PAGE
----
11:05 AM

The Indomitable Will to Live

By Tim Meehan

There is a plethora of stories written all over the country every spring about resiliency and overcoming massive barriers to success, particularly around the subject of graduation. 

And then there’s the story of Juan Alva. And the simple but powerful motto he has lived by – you don’t know how tough you are until being tough is the only option you have. 


Staring death in the face 

Alva’s mom left when he was 12. He learned to be independent while relying on his father for most of his physical and emotional needs.  

Growing up in a broken home can break some people, but it only strengthened Alva and his relationship with his father. The void left him without things others take for granted. But it also turned him into the compassionate, resourceful and strong man who entered Cal State San Marcos with hope and a little chip on his shoulder. 

But the road became rougher when, in his second year on campus, his father was diagnosed with pulmonary fibrosis. This lung disease is brutal, especially when you must watch a loved one endure it. As it progresses, the lung tissue becomes damaged, which makes it more difficult for the lungs to work properly. A slow but gradual shortness of breath ensues, and the average survival is three to five years. 

Alva spent the next couple of years taking care of his father while juggling a double major in psychology and sociology.  

He watched his father slowly wither way until he died during what was supposed to be his final semester at CSUSM. 

Then it all came crashing down. 


So close to the finish line 

Distraught over the loss, the pandemic hit Alva even harder than most.  

He had put so much time, money and energy into caring for his father to the end, he was left unemployed due to the worldwide shutdown. Also without a place to live, Alva was unable to finish his final semester of college with about a month to go.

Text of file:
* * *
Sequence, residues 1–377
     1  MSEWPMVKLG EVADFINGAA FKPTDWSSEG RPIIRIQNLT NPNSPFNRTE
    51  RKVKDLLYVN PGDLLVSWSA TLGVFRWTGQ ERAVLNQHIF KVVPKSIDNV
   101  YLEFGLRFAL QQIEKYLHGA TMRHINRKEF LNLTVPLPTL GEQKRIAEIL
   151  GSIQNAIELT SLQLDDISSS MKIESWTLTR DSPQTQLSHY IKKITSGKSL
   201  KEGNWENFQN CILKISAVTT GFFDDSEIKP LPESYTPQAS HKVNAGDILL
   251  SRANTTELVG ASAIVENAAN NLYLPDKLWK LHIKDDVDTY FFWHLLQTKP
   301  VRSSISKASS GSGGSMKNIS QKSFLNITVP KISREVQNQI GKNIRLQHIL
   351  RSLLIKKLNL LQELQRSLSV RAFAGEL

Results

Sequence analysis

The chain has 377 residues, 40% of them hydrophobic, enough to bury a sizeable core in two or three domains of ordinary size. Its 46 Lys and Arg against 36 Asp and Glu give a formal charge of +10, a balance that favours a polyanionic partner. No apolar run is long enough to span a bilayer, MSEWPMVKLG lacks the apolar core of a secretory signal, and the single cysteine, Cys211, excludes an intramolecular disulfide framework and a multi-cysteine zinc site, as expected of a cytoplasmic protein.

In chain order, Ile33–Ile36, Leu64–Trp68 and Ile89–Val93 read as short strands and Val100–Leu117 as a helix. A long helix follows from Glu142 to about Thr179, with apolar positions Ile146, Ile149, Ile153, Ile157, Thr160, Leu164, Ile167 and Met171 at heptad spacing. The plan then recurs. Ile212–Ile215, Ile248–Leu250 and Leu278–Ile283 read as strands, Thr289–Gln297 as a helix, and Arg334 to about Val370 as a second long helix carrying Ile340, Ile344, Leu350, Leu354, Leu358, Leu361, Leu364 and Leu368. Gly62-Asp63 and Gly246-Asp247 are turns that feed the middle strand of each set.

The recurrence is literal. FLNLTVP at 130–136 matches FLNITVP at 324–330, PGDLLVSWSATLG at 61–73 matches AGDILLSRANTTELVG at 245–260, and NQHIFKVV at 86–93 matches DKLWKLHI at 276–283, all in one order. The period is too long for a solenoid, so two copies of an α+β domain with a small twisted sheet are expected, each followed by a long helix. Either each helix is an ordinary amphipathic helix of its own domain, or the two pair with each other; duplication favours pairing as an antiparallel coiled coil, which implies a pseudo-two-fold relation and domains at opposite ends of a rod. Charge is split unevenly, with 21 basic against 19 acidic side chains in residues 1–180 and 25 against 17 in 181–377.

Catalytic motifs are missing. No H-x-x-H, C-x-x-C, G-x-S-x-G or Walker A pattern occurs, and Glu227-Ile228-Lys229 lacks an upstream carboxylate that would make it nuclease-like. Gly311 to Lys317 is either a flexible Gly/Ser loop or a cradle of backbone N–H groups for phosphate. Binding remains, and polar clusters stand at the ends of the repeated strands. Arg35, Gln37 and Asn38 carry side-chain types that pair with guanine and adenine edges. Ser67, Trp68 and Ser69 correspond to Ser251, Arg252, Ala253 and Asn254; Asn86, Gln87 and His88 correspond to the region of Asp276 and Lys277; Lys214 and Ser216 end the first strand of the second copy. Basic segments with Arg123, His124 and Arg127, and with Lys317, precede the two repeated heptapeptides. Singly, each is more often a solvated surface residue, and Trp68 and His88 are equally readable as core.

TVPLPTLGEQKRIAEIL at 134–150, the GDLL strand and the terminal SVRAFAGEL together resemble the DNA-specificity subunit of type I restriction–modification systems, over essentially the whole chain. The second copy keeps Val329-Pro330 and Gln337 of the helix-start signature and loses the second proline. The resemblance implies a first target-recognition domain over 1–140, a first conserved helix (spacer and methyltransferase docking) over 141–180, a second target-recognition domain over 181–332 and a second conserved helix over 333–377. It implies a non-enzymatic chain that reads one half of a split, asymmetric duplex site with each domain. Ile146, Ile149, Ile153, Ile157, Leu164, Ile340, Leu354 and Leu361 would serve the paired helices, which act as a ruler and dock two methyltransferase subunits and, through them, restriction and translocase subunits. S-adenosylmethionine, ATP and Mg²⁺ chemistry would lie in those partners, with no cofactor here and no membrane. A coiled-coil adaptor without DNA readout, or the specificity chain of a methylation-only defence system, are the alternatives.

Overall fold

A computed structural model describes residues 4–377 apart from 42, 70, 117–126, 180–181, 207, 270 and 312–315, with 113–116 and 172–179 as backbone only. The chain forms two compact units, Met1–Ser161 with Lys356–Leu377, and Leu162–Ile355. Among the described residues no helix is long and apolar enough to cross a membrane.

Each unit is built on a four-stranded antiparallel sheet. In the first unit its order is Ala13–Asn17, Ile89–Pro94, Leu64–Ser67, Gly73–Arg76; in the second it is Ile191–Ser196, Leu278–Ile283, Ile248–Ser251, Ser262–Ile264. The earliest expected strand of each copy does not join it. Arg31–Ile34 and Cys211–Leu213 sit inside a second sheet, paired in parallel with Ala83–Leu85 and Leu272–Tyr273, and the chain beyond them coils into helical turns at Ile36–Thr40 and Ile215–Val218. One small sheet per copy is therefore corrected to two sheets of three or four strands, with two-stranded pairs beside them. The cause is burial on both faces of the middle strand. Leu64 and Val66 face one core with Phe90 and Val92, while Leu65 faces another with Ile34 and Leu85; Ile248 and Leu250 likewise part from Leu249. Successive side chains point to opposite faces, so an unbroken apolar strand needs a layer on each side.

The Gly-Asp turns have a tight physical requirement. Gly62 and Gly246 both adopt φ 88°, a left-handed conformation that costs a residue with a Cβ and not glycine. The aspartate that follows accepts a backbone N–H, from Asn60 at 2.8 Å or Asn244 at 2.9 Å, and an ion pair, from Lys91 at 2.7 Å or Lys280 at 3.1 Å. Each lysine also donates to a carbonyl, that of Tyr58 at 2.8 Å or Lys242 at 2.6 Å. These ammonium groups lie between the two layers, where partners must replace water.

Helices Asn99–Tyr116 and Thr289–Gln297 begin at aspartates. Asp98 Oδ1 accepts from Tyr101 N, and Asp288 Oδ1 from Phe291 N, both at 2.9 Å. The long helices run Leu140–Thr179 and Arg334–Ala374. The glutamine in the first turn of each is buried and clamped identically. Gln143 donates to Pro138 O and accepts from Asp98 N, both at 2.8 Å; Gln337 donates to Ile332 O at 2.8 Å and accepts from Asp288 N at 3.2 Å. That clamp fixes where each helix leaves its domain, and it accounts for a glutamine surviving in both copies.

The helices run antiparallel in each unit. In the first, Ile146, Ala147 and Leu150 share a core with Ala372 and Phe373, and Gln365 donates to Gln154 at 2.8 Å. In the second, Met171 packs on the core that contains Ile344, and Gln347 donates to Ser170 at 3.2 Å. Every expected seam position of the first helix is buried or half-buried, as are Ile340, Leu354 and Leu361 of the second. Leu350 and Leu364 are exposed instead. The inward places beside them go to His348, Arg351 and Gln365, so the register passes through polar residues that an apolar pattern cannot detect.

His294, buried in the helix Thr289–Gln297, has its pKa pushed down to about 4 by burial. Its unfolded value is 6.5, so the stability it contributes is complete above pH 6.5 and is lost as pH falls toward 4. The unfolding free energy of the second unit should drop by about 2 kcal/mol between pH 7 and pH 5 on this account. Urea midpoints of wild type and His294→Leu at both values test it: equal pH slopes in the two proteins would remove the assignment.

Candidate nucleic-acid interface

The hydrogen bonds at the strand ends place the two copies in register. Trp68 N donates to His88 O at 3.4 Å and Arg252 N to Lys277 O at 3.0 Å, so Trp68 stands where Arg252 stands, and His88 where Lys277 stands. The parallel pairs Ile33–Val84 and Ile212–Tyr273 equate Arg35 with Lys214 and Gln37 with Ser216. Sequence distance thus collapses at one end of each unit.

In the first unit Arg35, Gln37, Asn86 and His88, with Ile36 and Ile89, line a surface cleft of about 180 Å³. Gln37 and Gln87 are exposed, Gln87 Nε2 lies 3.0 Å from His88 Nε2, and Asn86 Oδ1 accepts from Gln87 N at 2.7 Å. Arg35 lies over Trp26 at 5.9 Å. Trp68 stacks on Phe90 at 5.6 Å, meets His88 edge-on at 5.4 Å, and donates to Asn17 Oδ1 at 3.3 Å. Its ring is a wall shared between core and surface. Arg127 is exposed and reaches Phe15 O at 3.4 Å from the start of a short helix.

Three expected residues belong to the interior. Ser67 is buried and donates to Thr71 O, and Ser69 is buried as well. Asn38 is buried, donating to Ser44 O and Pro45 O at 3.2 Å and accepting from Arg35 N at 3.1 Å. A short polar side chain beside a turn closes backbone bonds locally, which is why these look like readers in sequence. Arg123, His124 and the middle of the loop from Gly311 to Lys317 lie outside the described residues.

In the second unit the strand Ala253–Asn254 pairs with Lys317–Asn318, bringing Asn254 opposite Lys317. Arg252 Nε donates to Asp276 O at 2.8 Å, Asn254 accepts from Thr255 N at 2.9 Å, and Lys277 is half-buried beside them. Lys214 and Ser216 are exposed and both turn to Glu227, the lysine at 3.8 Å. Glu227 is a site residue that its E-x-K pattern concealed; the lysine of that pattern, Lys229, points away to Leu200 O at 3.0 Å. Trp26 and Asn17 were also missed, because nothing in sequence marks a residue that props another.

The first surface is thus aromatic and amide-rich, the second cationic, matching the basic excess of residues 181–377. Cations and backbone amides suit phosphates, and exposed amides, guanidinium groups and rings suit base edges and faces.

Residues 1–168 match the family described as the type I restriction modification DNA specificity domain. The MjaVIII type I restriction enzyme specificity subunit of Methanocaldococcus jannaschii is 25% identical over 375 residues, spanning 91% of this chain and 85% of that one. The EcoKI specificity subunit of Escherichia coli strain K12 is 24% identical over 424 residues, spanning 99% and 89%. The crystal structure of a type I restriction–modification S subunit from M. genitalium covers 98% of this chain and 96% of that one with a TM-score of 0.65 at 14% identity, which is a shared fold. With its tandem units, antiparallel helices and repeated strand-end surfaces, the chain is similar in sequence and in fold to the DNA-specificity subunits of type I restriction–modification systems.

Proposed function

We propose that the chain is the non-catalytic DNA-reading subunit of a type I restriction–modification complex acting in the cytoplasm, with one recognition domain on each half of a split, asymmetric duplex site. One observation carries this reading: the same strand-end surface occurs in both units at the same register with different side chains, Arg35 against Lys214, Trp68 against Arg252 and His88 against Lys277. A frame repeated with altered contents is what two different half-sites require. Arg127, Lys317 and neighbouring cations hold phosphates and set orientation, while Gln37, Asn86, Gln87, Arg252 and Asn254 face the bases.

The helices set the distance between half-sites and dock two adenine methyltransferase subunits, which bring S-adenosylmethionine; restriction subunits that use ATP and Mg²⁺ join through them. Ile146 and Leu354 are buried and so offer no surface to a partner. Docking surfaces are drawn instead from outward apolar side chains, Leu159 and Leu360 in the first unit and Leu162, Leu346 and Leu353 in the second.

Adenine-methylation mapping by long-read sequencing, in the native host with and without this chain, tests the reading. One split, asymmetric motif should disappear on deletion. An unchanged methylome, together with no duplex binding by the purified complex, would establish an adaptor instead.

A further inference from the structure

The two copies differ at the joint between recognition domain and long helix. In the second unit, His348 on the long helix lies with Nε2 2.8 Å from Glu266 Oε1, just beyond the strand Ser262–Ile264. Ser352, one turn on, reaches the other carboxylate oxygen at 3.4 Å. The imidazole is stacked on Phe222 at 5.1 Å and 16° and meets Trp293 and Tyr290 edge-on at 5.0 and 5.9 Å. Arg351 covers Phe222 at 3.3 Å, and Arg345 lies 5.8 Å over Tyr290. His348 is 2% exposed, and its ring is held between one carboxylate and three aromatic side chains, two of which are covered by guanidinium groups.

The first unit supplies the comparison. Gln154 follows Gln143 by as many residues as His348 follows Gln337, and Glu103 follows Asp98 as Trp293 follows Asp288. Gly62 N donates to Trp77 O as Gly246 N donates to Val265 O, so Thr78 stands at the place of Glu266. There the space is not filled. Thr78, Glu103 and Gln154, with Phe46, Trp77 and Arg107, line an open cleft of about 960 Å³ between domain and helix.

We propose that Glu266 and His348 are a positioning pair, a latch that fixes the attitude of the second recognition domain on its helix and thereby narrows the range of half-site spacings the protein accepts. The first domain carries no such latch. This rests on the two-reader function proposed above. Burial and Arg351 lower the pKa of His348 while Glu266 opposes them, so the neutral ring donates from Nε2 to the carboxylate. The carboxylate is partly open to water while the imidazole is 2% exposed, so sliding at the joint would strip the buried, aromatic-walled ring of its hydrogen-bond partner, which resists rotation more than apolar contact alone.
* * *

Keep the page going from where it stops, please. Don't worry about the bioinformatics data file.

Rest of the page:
To hear him describe it, the remainder of Alva’s extended family did not offer the necessary help. 

“My family fell apart after my father passed away,” he said. “But every single tragedy in our lives, those are just our next challenges. I think toughness is developed all the time. You should always look back and reflect about the things that you have overcome and realize that you are tougher than all that. So I remember all of my heartbreaks and disappointments and realize that I'm tougher, and that helped me know how to overcome.”

And then life knocked him down again, this time with an uppercut straight to the chin. 


Cancer diagnosis 

Shortly after quitting school, Alva started to have a chronic sore mouth. 

He saw doctors, but mostly via telehealth because of the pandemic. None of the doctors seemed concerned about his symptoms, mostly because he was not a smoker. 

But the soreness and uneasy feelings didn’t go away. Eventually he was able to be seen in person. A biopsy was ordered, and the tests came back with the worst possible news – cancer of the tongue.  

Facing obstacles that would destroy many of us, Alva underwent surgery to have almost half of his tongue removed.  

He also immediately began a course of treatment that included radiation and chemotherapy in hopes of the cancer not spreading to other parts of his body.